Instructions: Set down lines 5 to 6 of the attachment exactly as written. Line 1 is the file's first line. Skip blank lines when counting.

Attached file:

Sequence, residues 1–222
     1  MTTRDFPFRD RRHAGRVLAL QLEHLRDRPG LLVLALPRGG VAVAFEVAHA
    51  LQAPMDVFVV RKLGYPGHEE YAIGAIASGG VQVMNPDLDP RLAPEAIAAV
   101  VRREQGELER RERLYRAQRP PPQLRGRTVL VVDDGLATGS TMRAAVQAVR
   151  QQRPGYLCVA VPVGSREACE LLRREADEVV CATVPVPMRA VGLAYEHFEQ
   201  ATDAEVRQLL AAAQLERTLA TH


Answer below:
   151  QQRPGYLCVA VPVGSREACE LLRREADEVV CATVPVPMRA VGLAYEHFEQ
   201  ATDAEVRQLL AAAQLERTLA TH